The Bongo family has dominated Gabon for more than 50 years, and for almost as long, they have been charged with stealing the wealth of their country. Authorities in France and the U.S. have looked into large sums of money, luxury vehicles, and expensive residences over the years, as they may have been acquired with the proceeds of corruption.
Reporters have now learned that the Bongos and their inner circle, which includes a judge who has played a key role in helping the family maintain power, have bought at least seven properties in and around the U.S. capital, a place whose real estate has long drawn African dictators.
All of the Bongos’ houses in the Washington, D.C., region were paid for in full.
In the United States, real estate professionals are not required to inquire about all-cash transactions or to report questionable conduct to law enforcement, as is required by regulations intended to prevent the laundering of criminal monies. The Financial Action Task Force, a worldwide anti-money laundering body with a Paris headquarters, has repeatedly criticised this lack of duty and recognised it as a weakness in the U.S. financial system.
The Financial Crimes Enforcement Network of the Treasury Department has issued temporary orders in specific areas thought to be high-risk for money laundering in an apparent effort to close this gap.
In several counties in California, New York, Florida, and Texas in 2016, the government forced real estate title companies to record all-cash property purchases over a specific threshold. The most recent order, which was reissued earlier this month, mandates title companies in 12 major American regions to identify people who are funding cash property purchases through shell companies.
There is no Washington, D.C., on that list.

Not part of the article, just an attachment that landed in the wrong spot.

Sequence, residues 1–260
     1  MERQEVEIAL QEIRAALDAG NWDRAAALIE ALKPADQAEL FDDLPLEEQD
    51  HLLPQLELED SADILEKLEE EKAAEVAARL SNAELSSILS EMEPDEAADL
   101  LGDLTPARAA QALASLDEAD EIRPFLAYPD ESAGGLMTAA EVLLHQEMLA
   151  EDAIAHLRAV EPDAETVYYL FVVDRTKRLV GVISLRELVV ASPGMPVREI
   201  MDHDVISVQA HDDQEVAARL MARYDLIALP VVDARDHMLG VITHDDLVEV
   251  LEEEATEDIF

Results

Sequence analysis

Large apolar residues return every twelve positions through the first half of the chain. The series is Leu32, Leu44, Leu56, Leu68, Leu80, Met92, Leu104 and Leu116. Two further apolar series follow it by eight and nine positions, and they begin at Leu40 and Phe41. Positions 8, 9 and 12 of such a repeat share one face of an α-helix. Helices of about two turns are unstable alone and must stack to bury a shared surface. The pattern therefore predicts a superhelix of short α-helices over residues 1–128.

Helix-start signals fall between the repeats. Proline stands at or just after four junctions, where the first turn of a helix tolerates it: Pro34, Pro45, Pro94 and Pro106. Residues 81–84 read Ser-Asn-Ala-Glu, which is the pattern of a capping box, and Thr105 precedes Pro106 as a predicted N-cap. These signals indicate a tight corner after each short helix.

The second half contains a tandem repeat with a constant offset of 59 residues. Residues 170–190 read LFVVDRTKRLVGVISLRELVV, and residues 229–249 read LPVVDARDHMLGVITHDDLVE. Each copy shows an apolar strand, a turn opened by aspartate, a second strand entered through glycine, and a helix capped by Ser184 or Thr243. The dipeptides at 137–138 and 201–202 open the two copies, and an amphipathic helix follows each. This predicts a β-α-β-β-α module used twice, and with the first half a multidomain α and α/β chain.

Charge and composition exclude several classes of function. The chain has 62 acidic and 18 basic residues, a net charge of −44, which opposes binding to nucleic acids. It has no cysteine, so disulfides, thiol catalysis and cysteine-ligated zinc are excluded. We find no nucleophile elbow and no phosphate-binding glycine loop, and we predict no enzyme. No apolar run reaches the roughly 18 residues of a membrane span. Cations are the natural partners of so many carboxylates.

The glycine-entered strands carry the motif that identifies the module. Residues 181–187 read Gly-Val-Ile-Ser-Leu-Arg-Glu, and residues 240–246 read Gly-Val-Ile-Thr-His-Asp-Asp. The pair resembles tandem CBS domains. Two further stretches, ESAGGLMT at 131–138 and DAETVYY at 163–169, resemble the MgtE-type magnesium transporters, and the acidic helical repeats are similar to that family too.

“If you go through a bank, there’s actually some pretty good rules in place,” said Gary Kalman, the director of Transparency International’s U.S.office, referring to the due diligence requirements in place for financial institutions that process mortgage loans. But “if you make an all-cash purchase with an anonymous company outside of those 12 metropolitan areas, there’s no rules whatsoever,” said Kalman.
American officials are not unfamiliar with the Bongo family’s penchant for money. Omar Bongo presented one of his daughters, Yamilee Bongo-Astier, with $1 million in shrink-wrapped $100 bills when he was president. According to a 2010 Senate report on illicit financial flows into the United States, the unemployed university student kept the stash in a bank safety deposit box and, when questioned, told bank employees that she expected additional funds from her father to buy a $2.2 million condo in New York City.
In accordance with the Senate investigation, Bongo-Astier was able to deposit sizable sums of her father’s money into accounts at American banks, where she was frequently not identified as politically exposed, a label that may have prompted closer examination of the source of those monies. She also acknowledged that, at her father’s request, she had purchased expensive cars for Gabonese officials in the United States.
Omar Bongo ruled oil-rich Gabon for more than 40 years until passing away in 2009, amassing a fortune that reportedly included at least 183 automobiles, 39 mansions in France, and 66 bank accounts. This amassing of riches that is only available to the president, his family, and their close friends is known as the “Bongo system” in the capital city of Libreville. The World Bank estimates that a third of Gabon’s population is impoverished.
After his father passed away, the patriarch’s son, funk artist Ali Bongo, whose record “A Brand New Man” had some popularity, was elected president.
Political opponents vigorously challenged Ali Bongo’s election and re-election, and the case even reached the highest court, which is presided over by Marie-Madeleine Mborantsuo, the elder Bongo’s former love interest.
The 65-year-old jurist, known as 3M, was the first president of the Constitutional Court of Gabon and has been crucial in guaranteeing the Bongos’ rule’s durability through numerous legal challenges to it. Her court presided over the disputed election results in 2009 and 2016 and supported the president in both instances.